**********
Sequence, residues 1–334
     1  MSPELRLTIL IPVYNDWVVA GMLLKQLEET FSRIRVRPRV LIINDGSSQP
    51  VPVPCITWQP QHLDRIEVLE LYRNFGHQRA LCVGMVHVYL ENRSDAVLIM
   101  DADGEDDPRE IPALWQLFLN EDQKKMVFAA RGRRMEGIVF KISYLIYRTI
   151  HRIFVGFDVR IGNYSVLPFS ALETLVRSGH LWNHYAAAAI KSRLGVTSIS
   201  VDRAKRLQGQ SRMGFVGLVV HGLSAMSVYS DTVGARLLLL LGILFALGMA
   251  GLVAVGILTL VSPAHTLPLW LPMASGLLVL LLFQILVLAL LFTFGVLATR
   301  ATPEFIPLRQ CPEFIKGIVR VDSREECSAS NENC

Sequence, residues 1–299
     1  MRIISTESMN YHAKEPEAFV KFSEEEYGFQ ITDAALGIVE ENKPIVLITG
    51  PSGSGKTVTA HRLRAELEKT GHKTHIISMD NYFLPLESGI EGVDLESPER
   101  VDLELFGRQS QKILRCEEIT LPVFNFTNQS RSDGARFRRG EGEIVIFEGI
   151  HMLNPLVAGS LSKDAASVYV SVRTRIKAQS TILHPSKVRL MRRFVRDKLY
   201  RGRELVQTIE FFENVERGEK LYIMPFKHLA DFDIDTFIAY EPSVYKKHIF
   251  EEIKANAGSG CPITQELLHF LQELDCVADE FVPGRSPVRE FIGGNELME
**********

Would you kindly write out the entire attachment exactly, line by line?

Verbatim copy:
Sequence, residues 1–334
     1  MSPELRLTIL IPVYNDWVVA GMLLKQLEET FSRIRVRPRV LIINDGSSQP
    51  VPVPCITWQP QHLDRIEVLE LYRNFGHQRA LCVGMVHVYL ENRSDAVLIM
   101  DADGEDDPRE IPALWQLFLN EDQKKMVFAA RGRRMEGIVF KISYLIYRTI
   151  HRIFVGFDVR IGNYSVLPFS ALETLVRSGH LWNHYAAAAI KSRLGVTSIS
   201  VDRAKRLQGQ SRMGFVGLVV HGLSAMSVYS DTVGARLLLL LGILFALGMA
   251  GLVAVGILTL VSPAHTLPLW LPMASGLLVL LLFQILVLAL LFTFGVLATR
   301  ATPEFIPLRQ CPEFIKGIVR VDSREECSAS NENC

Sequence, residues 1–299
     1  MRIISTESMN YHAKEPEAFV KFSEEEYGFQ ITDAALGIVE ENKPIVLITG
    51  PSGSGKTVTA HRLRAELEKT GHKTHIISMD NYFLPLESGI EGVDLESPER
   101  VDLELFGRQS QKILRCEEIT LPVFNFTNQS RSDGARFRRG EGEIVIFEGI
   151  HMLNPLVAGS LSKDAASVYV SVRTRIKAQS TILHPSKVRL MRRFVRDKLY
   201  RGRELVQTIE FFENVERGEK LYIMPFKHLA DFDIDTFIAY EPSVYKKHIF
   251  EEIKANAGSG CPITQELLHF LQELDCVADE FVPGRSPVRE FIGGNELME